I also worked part-time as a waitress throughout my whole degree. I was paid below minimum wage but got as much food as I could eat during shifts, which was great! The pay was below minimum wage, so definitely taught me the value of money.

    I also had a pre-paid, basic phone and didn't have a laptop until I got one for my 21st birthday from my parents. There were 24-hour computer labs on campus and I used them for writing assignments.

    Nowadays I teach undergrad students and it seems like every second student has an iphone or ipad (or both). There is a juice bar on campus that sells juices for $6 and it's always busy. A student club that I belong to had a dinner that was $100 a head and people actually went to it (I didn't).

    It sounds like you and your daughters are very sensible and have a great plan. I'm looking forward to hearing more, since I'm still a student and am always looking for more ways to save money :)

    1. Hi Economies,
      Wow! A $100/plate dinner for students. Now that's amazing. You just have to wonder where they're getting their money. Your path sounds like the reasonable one, to me. Interesting that it appears things have changed some just in the few years since you began undergrad work.

  10. My husband met at our local community college, which we both attended for the first 2 years of our studies. We felt and still believe that they present an excellent value, as they often they have smaller class sizes, and most of the students do live locally. It provided an excellent value for obtaining the general prerequisites that most degrees require - i.e. college English, Algebra, History, Foreign Language, etc. We have never regretted our choice, and at the time, this was all our families could afford. Were were surprised as our children their college years at the scarcity of scholarships and the income level needed to qualify for a need-based scholarship, as well as the expected parental contribution. This is where the FAFSA comes in - I could go on and on.... Our childred qualified for merit-based scholarships, specifically, our daughter was a National Merit Scholar. This was an extreme blessing for us, and the merit-based options seem to be extremely limited. Never made sense to us - students who are highly qualified to attend and contribute to a college have the least financial help to do so. I hope you navigate these waters with great success!!

    1. Hi Valarie,
      You have some very good points. I do think community colleges are underrated by many. They're not only affordable, but have the smaller class sizes, as you said, and also the teachers are often there because they genuinely enjoy the interaction with the students.

      Although my daughters have a "first pick", they (and we) are keeping open minds about where they could be next year. There's a lot to take into consideration.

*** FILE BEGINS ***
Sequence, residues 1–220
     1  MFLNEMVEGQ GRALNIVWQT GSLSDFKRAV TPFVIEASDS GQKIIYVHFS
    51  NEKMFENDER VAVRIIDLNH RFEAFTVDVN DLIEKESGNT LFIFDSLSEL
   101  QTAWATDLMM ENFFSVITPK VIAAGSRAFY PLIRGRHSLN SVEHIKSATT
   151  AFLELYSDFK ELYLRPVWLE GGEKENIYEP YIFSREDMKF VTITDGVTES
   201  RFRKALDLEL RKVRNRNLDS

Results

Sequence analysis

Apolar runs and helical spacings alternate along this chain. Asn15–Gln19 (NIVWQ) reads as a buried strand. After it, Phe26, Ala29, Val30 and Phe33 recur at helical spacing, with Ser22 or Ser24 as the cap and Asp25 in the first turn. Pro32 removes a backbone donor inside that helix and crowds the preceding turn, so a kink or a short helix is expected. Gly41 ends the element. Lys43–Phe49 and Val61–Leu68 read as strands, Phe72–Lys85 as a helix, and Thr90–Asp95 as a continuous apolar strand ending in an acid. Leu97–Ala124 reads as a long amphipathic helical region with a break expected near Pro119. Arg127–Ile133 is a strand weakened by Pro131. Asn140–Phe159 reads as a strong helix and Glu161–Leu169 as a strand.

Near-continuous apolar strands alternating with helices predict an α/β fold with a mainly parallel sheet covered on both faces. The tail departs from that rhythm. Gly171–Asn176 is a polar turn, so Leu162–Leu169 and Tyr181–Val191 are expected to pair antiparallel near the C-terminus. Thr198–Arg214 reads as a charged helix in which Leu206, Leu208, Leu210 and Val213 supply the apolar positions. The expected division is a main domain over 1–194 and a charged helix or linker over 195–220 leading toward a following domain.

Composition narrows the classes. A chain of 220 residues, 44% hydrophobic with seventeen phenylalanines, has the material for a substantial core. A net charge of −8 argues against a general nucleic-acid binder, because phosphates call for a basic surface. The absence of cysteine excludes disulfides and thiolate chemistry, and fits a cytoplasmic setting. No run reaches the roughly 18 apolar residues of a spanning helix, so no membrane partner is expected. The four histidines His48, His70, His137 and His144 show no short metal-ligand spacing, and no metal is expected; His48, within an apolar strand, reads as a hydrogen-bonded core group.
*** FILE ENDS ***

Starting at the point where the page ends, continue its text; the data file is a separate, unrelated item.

One thing we found out today, about one of their schools, is at this particular university, if you make the "early decision" deadline for application, they waive the app fee, and you're eligible for more of the scholarship funding than if you wait for the regular deadline.

  11. Hey there, long time no blog :-P

    I think for a lot of college kids it just all goes on the loan tab and isn't thought about until too late. I was lucky and my parents could afford to pay for most of my undergrad... but after seeing the ridiculous monthly minimum loan payments from grad school, sometimes I wish I had thought about it more. In undergrad, costs were totally jacked up because everyone was "required" to live on campus and therefore required to have a meal plan if they didn't have a kitchen. So 70% of the students were required to get a meal plan and it had to be unlimited--no other option if you didn't have a kitchen.

    In grad school I accumulated about $160,000 in 3 years. Woohoo! *sigh* If I had lived off campus, gotten a job earlier, and/or applied to be an RA I probably could have cut 20-30,000 off of that. Can you imagine???? What a difference that is!!! Keep your kids frugal! No need for these expensive undergrads when you can get pre-reqs for half the price, no need to live so expensively when it sucks your budget dry in the future!!

    Just my two cents :-P

    1. Hi Mallory,
      And good two cents, at that!
      At least your degree is in something that will help you pay down that debt quickly. I know a lot of people who graduate with degrees in fields that hardly pay enough to live, let alone pay off student loan debt.
      Thanks for your input. It's appreciated! (They're filling out applications this week, and we're having a lot of serious discussions about what they're willing to do to help financially.)